Figure 1: Artist’s impression of a planet in a globular cluster.
Galaxies with larger luminosities tend to host big populations of globular clusters. At the same time, galaxies with larger luminosities are also less common than galaxies with lower luminosities. Dwarf galaxies are low luminosity galaxies that individually have very few globular clusters, but they are very common in the universe. In contrast, giant elliptical galaxies are very luminous galaxies with huge populations of globular clusters, but these galaxies are extremely rare.
It is worth asking how globular clusters are distributed amongst galaxies and what kind of galaxies account for most of the globular clusters in the universe. A plot of the distribution of globular clusters show that half the population of blue (metal-poor) globular clusters are found in galaxies with less than ~13 billion times the Sun's luminosity, while half the population of red (metal-rich) globular clusters are found in galaxies with less than ~28 billion times the luminosity of the Sun. Basically, blue (metal-poor) globular clusters tend to reside around lower mass galaxies. A major contributing factor for this is that there are almost no red (metal-rich) globular clusters present around dwarf galaxies.
Figure 2: The fraction of all globular clusters within galaxies with luminosities ≤ L. The large solid dots indicate the median points along each curve. Harris (2016)
It appears that most globular clusters belong to galaxies with between a trillion to a hundred trillion solar-masses, with a peak near ~10 trillion solar-masses. Since galaxies grow by consuming their smaller neighbours, this peak is expected to shift gradually towards a higher mass as the universe gets older.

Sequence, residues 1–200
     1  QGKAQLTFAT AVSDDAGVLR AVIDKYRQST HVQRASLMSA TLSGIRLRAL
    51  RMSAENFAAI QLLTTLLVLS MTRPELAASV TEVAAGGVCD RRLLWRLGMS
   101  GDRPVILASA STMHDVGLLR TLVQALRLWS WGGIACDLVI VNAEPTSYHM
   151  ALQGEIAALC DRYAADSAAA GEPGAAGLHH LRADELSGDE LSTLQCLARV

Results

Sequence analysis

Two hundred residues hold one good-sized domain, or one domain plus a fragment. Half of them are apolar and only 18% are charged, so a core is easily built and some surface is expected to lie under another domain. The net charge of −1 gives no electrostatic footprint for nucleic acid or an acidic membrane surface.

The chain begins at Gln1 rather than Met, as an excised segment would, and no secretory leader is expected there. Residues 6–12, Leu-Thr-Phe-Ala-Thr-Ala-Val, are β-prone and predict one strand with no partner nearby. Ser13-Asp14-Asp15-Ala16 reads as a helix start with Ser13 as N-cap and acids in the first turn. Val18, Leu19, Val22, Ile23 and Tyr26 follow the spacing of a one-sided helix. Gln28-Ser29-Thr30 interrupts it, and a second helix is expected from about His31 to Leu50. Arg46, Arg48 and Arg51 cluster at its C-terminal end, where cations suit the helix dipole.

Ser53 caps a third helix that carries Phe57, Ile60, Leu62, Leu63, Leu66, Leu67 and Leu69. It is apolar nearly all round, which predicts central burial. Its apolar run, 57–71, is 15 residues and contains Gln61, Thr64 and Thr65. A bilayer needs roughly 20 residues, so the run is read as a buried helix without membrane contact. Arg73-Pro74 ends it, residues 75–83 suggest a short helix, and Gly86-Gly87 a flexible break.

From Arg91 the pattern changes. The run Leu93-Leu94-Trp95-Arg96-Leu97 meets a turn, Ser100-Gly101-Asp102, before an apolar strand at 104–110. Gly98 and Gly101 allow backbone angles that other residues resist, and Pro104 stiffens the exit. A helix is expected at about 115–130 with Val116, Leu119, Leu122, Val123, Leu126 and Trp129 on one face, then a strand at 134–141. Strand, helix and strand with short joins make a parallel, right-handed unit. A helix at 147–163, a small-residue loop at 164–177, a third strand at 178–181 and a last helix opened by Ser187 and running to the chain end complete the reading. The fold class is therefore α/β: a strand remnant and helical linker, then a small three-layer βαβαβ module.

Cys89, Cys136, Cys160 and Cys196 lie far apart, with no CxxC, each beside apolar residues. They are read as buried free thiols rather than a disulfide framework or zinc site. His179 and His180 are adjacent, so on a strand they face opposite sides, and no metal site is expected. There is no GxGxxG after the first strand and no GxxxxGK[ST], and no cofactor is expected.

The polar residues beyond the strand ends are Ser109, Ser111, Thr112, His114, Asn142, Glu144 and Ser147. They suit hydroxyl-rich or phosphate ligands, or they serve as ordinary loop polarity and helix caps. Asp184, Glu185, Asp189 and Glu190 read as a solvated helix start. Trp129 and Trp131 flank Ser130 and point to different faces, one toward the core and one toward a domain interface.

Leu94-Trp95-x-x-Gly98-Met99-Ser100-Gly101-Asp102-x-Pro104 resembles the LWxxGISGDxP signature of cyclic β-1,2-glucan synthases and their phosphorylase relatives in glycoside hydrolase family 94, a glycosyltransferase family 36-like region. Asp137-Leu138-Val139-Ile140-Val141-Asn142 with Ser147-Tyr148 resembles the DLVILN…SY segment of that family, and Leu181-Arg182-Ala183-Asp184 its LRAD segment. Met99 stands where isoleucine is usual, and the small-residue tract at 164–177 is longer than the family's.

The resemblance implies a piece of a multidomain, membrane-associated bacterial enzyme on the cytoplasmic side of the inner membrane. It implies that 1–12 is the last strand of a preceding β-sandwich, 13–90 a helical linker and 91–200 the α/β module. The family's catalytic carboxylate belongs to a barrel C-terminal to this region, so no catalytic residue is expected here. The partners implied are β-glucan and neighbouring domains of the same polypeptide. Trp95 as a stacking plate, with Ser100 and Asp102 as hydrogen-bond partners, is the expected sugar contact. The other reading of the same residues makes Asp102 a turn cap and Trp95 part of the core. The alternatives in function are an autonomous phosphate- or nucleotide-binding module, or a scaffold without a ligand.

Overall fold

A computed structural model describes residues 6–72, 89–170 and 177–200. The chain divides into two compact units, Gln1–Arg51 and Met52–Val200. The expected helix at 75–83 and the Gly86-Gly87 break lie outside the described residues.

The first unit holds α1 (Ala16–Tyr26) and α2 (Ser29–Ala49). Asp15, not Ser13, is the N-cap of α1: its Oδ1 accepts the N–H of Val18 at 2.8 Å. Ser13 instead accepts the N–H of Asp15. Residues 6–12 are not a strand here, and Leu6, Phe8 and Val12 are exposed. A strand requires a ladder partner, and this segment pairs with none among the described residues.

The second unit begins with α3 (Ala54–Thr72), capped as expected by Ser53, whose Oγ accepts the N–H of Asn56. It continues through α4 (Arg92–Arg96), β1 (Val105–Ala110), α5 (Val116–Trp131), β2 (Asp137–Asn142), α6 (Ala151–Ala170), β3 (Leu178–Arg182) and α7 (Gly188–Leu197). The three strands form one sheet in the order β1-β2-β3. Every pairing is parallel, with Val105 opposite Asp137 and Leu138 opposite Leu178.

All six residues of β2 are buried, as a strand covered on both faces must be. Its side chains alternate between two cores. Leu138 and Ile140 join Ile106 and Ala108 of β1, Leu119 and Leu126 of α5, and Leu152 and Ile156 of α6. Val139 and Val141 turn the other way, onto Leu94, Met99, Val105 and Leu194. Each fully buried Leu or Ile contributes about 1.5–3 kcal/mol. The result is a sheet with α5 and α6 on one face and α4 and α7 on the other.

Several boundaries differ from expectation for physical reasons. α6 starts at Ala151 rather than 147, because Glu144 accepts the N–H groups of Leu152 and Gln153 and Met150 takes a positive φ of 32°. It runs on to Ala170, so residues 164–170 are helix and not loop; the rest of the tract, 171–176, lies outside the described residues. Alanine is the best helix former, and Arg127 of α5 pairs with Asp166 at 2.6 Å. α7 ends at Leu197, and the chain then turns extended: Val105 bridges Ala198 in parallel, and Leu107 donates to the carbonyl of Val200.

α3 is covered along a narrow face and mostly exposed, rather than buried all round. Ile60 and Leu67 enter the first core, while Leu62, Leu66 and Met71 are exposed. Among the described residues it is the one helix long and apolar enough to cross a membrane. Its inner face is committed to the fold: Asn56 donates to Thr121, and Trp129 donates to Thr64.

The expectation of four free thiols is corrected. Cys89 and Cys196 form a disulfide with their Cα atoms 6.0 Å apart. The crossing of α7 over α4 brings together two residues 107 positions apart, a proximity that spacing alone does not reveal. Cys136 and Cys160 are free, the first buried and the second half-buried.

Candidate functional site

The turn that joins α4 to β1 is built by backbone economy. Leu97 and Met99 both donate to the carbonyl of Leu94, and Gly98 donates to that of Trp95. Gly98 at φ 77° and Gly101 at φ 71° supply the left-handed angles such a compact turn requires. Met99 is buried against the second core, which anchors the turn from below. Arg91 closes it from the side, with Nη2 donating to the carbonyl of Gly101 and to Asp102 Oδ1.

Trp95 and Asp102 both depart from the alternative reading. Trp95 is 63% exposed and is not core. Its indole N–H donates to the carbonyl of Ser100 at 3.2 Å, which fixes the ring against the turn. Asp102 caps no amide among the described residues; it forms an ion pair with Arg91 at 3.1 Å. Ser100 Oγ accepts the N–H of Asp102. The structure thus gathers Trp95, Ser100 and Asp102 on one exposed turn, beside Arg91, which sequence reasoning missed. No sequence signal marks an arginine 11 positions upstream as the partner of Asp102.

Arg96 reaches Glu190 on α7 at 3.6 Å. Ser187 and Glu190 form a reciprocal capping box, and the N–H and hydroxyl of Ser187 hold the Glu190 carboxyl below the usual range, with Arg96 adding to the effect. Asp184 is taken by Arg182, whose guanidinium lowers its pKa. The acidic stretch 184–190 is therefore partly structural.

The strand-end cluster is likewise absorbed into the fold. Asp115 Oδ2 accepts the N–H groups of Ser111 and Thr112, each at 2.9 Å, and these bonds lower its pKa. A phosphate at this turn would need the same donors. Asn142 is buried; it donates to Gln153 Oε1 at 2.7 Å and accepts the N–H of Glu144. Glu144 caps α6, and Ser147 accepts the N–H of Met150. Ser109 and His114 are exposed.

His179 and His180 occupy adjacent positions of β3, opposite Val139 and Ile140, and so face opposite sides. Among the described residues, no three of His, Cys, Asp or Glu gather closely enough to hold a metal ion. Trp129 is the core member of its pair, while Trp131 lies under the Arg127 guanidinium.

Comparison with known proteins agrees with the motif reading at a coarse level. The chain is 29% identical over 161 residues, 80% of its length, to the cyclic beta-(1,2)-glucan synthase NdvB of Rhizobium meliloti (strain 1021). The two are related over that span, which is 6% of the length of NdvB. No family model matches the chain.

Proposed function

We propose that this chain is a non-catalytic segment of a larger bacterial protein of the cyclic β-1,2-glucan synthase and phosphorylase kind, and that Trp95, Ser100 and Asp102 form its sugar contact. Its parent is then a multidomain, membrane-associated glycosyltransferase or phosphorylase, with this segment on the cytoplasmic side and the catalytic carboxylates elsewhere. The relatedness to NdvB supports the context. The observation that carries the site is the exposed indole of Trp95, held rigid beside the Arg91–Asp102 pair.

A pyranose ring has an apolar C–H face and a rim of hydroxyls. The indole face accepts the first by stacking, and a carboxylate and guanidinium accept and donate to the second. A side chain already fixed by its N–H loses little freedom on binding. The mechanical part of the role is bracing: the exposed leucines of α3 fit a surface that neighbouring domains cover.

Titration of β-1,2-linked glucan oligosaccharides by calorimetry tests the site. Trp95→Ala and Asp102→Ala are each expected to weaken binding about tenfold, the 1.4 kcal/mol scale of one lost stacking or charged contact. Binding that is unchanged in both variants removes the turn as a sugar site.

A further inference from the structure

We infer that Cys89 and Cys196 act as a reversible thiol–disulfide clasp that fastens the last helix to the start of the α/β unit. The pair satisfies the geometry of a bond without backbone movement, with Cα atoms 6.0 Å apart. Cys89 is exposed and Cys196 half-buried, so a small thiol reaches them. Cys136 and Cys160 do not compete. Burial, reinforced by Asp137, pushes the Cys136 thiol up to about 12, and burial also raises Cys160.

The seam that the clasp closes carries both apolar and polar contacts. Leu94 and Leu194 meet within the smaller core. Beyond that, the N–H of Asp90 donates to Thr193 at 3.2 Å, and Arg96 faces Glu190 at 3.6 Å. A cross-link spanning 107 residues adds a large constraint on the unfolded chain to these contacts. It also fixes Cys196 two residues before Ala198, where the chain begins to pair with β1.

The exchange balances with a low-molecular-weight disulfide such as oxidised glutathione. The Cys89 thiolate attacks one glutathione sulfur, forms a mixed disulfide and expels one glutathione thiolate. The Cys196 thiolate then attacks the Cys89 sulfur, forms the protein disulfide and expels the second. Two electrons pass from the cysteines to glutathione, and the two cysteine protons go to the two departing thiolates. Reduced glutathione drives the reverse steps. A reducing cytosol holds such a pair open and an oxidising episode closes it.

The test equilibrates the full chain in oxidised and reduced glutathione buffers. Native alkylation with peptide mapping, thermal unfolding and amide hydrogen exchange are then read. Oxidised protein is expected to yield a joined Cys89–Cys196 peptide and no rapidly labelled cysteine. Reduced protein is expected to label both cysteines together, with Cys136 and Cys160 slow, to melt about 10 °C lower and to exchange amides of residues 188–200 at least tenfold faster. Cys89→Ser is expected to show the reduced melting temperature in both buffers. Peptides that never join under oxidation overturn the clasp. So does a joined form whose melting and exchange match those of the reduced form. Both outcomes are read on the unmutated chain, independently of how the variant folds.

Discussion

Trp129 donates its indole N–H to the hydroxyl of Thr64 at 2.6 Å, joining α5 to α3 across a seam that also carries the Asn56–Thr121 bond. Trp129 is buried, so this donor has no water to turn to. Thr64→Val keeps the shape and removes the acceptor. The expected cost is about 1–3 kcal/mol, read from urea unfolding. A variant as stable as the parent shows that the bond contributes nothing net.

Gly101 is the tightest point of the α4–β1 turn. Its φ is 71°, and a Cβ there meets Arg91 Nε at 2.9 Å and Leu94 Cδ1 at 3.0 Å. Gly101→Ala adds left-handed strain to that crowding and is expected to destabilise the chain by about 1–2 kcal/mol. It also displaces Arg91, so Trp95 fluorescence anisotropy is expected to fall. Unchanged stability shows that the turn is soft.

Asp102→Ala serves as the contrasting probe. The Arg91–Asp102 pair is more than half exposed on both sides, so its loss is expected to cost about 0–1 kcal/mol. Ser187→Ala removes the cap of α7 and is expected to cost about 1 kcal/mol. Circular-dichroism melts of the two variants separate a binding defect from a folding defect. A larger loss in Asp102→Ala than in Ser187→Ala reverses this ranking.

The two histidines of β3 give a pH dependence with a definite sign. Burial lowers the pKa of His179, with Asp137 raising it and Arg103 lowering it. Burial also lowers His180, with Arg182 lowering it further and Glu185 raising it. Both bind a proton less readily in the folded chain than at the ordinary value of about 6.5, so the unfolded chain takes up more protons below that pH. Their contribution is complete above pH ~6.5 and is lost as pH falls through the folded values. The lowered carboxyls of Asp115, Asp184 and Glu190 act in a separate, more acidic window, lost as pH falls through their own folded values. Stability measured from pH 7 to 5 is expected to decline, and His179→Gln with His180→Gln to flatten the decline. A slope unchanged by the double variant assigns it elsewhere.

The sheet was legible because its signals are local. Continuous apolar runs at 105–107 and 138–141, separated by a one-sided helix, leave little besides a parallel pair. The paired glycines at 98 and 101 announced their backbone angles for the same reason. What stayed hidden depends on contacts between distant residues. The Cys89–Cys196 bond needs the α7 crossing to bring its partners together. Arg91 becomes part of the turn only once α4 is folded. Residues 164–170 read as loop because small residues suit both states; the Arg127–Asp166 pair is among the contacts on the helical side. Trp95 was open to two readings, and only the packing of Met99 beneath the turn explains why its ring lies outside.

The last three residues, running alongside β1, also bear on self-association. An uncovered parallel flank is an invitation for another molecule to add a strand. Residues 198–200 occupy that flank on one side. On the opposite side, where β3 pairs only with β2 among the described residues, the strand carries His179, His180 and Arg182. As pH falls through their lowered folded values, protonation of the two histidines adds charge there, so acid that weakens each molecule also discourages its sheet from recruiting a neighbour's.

Overall, blue (metal-poor) globular clusters outnumber red (metal-rich) globular clusters by 4 to 1. In the early universe, matter was predominantly in the form of low-metallicity gas (i.e. gas with low abundance of elements heavier than hydrogen and helium). Those conditions were very favourable for the formation of dense massive star clusters that went on to become the blue (metal-poor) globular clusters observed in the present universe. That was the period when most of the blue (metal-poor) globular clusters formed.
Red (metal-rich) globular clusters formed at a later period when matter became more enriched with elements heavier than hydrogen and helium. This explains why red (metal-rich) globular clusters are associated with more massive galaxies as massive galaxies generally appeared during the later stages of galaxy formation.
Harris (2016), "Where Are Most of the Globular Clusters in Today's Universe?", arXiv:1603.00348 [astro-ph.GA]